Several readers have requested that I compile a recommended reading compendium similar to Billy Beck’s. I think Beck’s list is masterful and I wanted to bifurcate the list and add my own annotated comments to any I have read and additional selections I would recommend. When I read Beck’s list, I wondered at how our libraries and antelibraries could be so similar. Before I sold my house, I had a library annex attached to it from which I could browse and remove volumes to peruse at my leisure. Since moving, most are now in storage so I have to rely on my addled memory.
I divided his list into War and the State and Liberty and the State and only included those volumes he and I have both read. My annotated comments are in italics below his. Along with any additional books I think are pertinent to the one just reviewed.
Hitler And Stalin — Parallel Lives, 1991, Alan Bullock — It’s astonishing to me that it took until the last decade of the 20th century for someone to write this book, because the comparisons are so obvious. It was worth the wait, because Bullock thoroughly exhausts the comparisons. Indispensable. I am not astonished at how long it took for this to show up and think the comparisons are uncanny even at a deep and sophisticated level, psychopaths and sociopaths have a surprisingly narrow playbook and when given the tools of power will put the pedal to the meddle. I also recommend Gandhi & Churchill: The Epic Rivalry that Destroyed an Empire and Forged Our Age which shows the relationship between two state titans of the twentieth century and how the Indians used both violent and non-violent resistance to dispose of the most powerful world power on Earth before 1930.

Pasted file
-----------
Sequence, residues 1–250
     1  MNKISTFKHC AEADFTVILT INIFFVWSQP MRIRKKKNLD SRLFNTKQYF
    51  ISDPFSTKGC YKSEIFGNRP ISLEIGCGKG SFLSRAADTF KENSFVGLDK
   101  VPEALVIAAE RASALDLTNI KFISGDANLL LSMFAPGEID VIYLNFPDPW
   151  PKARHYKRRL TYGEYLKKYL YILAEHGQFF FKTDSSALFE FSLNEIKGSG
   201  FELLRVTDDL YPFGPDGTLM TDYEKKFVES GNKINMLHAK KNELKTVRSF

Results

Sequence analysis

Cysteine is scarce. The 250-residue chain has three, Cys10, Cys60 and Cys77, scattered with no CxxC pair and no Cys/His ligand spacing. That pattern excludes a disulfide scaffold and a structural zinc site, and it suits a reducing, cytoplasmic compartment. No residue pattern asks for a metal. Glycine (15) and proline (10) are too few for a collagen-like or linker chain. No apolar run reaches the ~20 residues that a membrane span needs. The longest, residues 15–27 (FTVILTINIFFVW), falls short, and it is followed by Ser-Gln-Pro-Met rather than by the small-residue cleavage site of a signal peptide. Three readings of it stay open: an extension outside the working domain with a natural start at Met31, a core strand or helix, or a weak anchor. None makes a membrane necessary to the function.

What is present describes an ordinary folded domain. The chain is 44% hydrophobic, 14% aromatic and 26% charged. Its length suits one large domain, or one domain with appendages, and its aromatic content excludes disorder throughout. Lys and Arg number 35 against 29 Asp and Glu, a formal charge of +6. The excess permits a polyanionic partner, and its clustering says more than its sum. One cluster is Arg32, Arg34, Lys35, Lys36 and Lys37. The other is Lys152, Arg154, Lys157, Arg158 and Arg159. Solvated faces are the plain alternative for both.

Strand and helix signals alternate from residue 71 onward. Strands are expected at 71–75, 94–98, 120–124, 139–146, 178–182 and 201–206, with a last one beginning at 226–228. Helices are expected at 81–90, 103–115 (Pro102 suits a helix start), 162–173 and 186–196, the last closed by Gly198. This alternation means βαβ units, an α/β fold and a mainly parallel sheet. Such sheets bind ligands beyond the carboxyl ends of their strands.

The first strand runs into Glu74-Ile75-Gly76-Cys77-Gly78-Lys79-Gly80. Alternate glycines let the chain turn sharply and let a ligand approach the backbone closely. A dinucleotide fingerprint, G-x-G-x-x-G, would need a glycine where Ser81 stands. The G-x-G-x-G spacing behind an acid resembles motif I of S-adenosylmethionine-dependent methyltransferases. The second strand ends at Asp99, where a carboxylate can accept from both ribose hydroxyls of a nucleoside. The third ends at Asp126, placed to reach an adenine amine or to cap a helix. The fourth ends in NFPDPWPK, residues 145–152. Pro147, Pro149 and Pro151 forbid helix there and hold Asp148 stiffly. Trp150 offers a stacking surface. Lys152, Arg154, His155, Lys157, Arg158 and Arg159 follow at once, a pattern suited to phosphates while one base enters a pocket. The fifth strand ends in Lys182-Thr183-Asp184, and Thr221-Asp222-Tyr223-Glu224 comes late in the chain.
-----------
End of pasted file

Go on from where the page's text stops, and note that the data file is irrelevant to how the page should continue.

Russia At War, 1941–1945, 1964, Alexander Werth — Enormous, panoramic view of the biggest fight in human history. Agreed (except for the whitewashing of Stalin’s monstrous personality in the book) and I think that when you see the evolution of the Russian forces in a mere four years from a scratch start to the enormous and skillfully deployed strategy and tactics that extinguished Japanese forces in China and Siberia in August 1945, you will be astonished.
John Erickson’s two volumes on the German-Soviet conflict are also instructive especially on the evolution of the strategic maturity of the forces at each other’s throats during the conflict:
Anything by David Glantz is instructive and especially his volume detailing the defeat and the rise form the ashes of the Soviet forces in Operations Mars, a bit dated but vital in understanding the battle and its aftermath:
Zhukov’s Greatest Defeat: The Red Army’s Epic Disaster in Operation Mars, 1942
Barbarossa: The Russian-German Conflict, 1941-1945, 1965, Alan Clark — Splendid rendering of all the special military aspects of the biggest fight in human history.